Abstract

In recent years a wide range of non-state certification programs have emerged to address environmental and social problems associated with the extraction of natural resources. This book provides a general analytical framework for assessing the emergence and effectiveness of voluntary certification programs. It focuses on certification in the forest and fisheries sectors, as initiatives in these sectors are among the most advanced cases of non-state standard setting and governance in the environmental realm.

Paying particular attention to the Forest Stewardship Council and the Marine Stewardship Council, the author examines how certification initiatives emerged, the politics that underlie their development, their ability to influence producer and consumer behavior, and the broader consequences of their formation and spread. The analysis of the certification of forests and fisheries offers a wealth of insights from which to better understand the capacity of non-state governance programs to ameliorate global environmental problems.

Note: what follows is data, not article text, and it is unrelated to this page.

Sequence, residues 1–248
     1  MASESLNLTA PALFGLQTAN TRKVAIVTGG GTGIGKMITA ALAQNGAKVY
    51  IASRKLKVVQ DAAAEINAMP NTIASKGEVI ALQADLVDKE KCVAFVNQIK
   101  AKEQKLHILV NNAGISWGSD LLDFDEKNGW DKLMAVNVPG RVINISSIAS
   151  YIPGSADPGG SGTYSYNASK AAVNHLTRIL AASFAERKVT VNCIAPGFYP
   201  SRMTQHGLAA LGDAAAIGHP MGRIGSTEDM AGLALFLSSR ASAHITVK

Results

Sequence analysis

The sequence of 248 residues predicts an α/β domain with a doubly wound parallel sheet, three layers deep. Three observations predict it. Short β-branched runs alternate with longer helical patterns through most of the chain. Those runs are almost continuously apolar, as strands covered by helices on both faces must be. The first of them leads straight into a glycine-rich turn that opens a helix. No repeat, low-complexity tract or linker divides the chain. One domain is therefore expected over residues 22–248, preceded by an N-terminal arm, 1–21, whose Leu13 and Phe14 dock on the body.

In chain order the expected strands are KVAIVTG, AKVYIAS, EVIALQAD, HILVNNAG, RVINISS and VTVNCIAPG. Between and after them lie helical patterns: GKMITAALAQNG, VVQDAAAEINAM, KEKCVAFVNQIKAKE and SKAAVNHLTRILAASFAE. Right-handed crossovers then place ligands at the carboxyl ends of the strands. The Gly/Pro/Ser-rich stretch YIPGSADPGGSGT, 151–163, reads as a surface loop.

Containing a detailed review of the direct effects and broader consequences of forest and fisheries certification, this book will be warmly welcomed by scholars of environmental politics and corporate social responsibility, as well as practitioners involved in non-state certification programs throughout the world.

© 2010 Edward Elgar

    Associated Crosscutting Themes

  • Norms

    Associated Analytical Problems

  • Agency